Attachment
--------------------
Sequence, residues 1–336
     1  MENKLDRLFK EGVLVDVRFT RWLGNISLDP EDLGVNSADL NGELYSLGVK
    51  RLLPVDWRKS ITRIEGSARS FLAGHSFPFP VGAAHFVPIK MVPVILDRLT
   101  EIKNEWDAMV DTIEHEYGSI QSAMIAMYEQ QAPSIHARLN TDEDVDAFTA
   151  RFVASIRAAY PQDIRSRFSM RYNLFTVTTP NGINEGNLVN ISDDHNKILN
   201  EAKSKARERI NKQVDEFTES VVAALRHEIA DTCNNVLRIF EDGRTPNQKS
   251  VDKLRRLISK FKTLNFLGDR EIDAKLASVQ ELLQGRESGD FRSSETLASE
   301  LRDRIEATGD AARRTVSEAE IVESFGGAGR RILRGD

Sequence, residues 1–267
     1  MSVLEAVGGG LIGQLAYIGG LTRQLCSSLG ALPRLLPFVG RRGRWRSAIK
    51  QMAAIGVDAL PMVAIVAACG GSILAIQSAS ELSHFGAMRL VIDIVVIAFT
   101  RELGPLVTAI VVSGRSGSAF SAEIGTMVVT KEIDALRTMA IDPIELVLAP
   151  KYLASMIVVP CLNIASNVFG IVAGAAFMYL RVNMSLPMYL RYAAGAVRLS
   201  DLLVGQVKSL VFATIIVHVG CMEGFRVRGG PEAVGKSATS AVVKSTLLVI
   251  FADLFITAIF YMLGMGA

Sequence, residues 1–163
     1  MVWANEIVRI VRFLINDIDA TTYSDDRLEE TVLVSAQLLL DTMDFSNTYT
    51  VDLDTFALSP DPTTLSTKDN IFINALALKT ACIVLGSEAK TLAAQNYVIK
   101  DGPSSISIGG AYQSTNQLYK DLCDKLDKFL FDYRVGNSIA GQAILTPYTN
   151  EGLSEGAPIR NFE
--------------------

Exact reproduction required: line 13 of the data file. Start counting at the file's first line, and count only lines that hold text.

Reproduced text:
   151  KYLASMIVVP CLNIASNVFG IVAGAAFMYL RVNMSLPMYL RYAAGAVRLS